# Complexity classes without machines: On complete languages for UP

## Abstract

This paper develops techniques for studying complexity classes that are not covered by known recursive enumerations of machines. Often, counting classes, probabilistic classes, and intersection classes lack such enumerations. Concentrating on the counting class UP, we show that there are relativizations for which *UP*^{A} has no complete languages and other relativizations for which *P*^{B} ≠ *UP*^{B} ≠ *NP*^{B} and *UP*^{B} has complete languages. Among other results we show that *P* ≠ *UP* if and only if there exists a set *S* in *P* of Boolean formulas with at most one satisfying assignment such that *S* ∩ *SAT* is not in *P*. *P* ≠ *UP* ∩ *coUP* if and only if there exists a set *S* in *P* of uniquely satisfiable Boolean formulas such that no polynomial-time machine can compute the solutions for the formulas in *S*. If *UP* has complete languages then there exists a set *R* in *P* of Boolean formulas with at most one satisfying assignment so that *SAT* ∩ *R* is complete for *UP*. Finally, we indicate the wide applicability of our techniques to counting and probabilistic classes by using them to examine the probabilistic class *BPP*. There is a relativized world where *BPP*^{A} has no complete languages. If *BPP* has complete languages then it has a complete language of the form *B* ∩ *MAJORITY*, where *B* ∈ *P* and *MAJORITY* = {*f* | *f* is true for at least half of all assignments} is the canonical *PP*-complete set.

## Keywords

Boolean Formula Satisfying Assignment Relativize World Counting Class Categorical Machine## Preview

Unable to display preview. Download preview PDF.

## References

- [BD]A. Borodin and A. Demers. Some Comments on Functional Self-Reducibility and the
*NP*Hierarchy. Department of Computer Science Technical Report TR76-284, July 1976. Cornell University, Ithaca, New York.Google Scholar - [BG]A. Blass and Y. Gurevich. On the Unique Satisfiability Problem.
*Information and Control 55*(1982), 80–82.Google Scholar - [Be]P. Berman. Relations Between Density and Deterministic Complexity of
*NP*-Complete Languages.*Proceedings Symposium on Mathematical Foundations of Computer Science*, 1978, Springer-Verlag, 63–71.Google Scholar - [CH]J. Cai and L. Hemachandra. The Boolean Hierarchy: Hardware over NP. To appear in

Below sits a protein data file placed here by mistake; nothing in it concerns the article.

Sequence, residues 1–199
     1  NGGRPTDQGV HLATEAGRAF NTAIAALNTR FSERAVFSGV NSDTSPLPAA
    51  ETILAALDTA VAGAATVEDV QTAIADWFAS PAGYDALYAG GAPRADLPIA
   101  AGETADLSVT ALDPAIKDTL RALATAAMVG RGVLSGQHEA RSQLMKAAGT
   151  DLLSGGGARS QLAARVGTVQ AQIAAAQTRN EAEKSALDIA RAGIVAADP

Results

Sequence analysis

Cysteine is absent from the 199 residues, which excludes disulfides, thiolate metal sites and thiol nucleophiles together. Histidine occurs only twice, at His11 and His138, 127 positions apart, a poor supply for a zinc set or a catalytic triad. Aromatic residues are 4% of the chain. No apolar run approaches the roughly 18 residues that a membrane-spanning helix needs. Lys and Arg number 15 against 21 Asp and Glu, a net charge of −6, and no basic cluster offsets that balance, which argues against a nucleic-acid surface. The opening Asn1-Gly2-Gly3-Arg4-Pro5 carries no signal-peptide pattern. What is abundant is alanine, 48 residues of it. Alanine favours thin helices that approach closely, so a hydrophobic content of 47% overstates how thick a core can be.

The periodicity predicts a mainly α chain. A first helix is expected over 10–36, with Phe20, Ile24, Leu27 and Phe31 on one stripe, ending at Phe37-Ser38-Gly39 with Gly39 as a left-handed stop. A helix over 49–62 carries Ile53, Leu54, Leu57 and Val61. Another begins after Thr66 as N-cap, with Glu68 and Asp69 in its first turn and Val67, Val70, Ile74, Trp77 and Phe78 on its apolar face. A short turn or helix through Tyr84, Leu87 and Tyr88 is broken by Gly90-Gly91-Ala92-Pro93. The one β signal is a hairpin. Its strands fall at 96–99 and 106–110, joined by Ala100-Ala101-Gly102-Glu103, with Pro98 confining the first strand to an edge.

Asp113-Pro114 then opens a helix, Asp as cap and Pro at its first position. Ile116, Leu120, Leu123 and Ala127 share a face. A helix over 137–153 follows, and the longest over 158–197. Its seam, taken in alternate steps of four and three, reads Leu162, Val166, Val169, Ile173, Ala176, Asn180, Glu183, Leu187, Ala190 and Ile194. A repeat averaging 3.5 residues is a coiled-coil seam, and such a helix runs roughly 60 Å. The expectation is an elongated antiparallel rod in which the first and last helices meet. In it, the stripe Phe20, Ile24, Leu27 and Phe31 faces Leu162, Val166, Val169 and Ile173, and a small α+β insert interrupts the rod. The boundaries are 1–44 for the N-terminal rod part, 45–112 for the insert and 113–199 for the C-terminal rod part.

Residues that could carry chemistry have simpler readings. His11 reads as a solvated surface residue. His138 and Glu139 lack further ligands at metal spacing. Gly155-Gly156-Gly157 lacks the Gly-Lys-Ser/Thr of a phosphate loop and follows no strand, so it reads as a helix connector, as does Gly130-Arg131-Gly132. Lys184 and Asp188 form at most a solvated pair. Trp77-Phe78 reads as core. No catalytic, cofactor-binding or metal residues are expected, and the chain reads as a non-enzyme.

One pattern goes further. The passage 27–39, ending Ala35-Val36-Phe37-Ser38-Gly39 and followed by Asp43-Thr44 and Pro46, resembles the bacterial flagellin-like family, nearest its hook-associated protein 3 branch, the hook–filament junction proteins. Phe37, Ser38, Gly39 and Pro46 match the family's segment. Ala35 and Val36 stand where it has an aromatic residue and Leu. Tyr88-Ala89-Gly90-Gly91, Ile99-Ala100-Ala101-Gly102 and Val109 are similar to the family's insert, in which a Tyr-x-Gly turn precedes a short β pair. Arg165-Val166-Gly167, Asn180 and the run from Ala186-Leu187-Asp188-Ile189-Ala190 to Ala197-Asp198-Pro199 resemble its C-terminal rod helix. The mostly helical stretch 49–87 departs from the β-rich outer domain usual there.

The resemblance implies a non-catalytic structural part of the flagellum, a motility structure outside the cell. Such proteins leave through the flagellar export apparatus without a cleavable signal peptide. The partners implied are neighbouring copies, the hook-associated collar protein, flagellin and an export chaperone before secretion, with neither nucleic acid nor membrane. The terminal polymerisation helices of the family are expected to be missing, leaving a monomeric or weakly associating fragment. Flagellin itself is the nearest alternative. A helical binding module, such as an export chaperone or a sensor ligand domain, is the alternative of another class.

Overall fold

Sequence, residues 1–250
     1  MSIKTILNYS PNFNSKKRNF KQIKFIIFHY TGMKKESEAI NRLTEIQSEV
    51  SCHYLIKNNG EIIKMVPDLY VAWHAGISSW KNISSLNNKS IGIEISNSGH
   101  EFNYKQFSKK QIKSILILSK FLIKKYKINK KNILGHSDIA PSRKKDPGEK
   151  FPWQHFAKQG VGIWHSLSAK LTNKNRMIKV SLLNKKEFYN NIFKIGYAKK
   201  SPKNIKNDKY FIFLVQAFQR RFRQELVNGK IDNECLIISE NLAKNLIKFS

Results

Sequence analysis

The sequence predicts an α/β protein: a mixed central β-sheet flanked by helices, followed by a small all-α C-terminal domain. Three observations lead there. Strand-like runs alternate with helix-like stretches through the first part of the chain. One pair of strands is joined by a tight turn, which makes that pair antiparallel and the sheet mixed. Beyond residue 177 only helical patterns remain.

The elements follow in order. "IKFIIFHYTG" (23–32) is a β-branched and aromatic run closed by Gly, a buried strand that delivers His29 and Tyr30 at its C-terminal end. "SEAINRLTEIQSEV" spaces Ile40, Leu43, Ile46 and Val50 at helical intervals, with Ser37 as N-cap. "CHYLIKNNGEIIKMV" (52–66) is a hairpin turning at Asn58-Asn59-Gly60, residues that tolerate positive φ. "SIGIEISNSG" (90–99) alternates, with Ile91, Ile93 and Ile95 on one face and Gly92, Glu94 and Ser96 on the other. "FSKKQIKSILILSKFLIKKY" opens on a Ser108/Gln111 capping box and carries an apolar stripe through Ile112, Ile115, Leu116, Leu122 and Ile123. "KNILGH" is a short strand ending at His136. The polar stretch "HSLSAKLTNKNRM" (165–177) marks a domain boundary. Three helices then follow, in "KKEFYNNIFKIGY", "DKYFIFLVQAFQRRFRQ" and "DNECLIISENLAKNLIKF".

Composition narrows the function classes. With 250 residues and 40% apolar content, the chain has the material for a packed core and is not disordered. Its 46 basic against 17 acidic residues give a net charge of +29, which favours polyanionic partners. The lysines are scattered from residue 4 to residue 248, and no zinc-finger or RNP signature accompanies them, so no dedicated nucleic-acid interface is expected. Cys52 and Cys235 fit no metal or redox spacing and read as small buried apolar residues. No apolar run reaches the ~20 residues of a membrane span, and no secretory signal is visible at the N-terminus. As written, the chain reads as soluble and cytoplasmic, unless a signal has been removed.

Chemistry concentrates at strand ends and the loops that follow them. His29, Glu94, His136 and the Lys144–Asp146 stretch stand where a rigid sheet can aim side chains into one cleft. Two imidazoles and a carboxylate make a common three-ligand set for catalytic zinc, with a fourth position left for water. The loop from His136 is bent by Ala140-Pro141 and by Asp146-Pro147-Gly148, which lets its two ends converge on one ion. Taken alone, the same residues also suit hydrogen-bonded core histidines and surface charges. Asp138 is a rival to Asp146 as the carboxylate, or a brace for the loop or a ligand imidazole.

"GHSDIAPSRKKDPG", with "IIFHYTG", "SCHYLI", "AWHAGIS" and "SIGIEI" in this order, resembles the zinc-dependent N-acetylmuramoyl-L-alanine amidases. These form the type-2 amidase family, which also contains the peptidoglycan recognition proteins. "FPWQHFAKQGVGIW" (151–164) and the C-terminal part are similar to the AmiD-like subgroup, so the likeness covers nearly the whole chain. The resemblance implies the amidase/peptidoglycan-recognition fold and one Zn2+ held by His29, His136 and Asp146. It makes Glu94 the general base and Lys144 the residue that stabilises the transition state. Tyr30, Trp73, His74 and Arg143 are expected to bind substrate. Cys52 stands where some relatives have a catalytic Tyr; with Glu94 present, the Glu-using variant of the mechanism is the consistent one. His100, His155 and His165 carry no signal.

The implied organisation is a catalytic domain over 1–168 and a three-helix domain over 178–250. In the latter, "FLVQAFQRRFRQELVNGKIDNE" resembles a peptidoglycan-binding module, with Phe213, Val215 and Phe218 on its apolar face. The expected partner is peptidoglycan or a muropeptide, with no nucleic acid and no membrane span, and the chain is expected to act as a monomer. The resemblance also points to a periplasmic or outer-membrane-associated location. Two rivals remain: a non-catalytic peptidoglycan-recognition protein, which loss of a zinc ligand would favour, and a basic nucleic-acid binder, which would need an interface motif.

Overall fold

*Proceedings of the Structure in Complexity Theory Conference, Lecture Notes in Computer Science*(1986), Springer-Verlag.Google Scholar - [Co]S.A. Cook. The Complexity of Theorem-Proving Procedures.
*Proceedings ACM Symposium on Theory of Computation*(1971), 151–158.Google Scholar - [Gi]J. Gill. Computational Complexity of Probabilistic Turing Machines.
*SIAM Journal on Computing 6*(1977), 675–695.Google Scholar - [GJ]M.R. Garey and D.S. Johnson.
*Computers and Intractability: A Guide to the Theory of NP-Completeness*. W.H. Freeman and Co., 1979.Google Scholar - [GS]J. Grollmann and A.L. Selman. Complexity Measures for Public-Key Cryptosystems.
*Proceedings IEEE Symposium on Foundations of Computer Science*(1984), 495–503.Google Scholar - [HI]J. Hartmanis and N. Immerman. On Complete Problems for
*NP*∩*CoNP*.*Automata Languages and Programming, Lecture Notes in Computer Science 194*(1985), Springer-Verlag, 250–259.Google Scholar - [HU]J.E. Hopcroft and J.D. Ullman.
*Introduction to Automata Theory, languages, and Computation*. Addison-Wesley, Reading, Massachusetts, 1979.Google Scholar - [Li]M. Li.
*Lower Bounds in Computational Complexity*. Ph.D. Dissertation, Cornell University, 1985.Google Scholar - [Si]M. Sipser. On Relativization and the Existence of Complete Sets.
*Automata, Languages and Programming, Lecture Notes in Computer Science 140*(1982), Springer-Verlag, 523–531.Google Scholar - [Va]L. Valiant. Relative Complexity of Checking and Evaluating.
*Information Processing Letters 5*(1976), 20–23.Google Scholar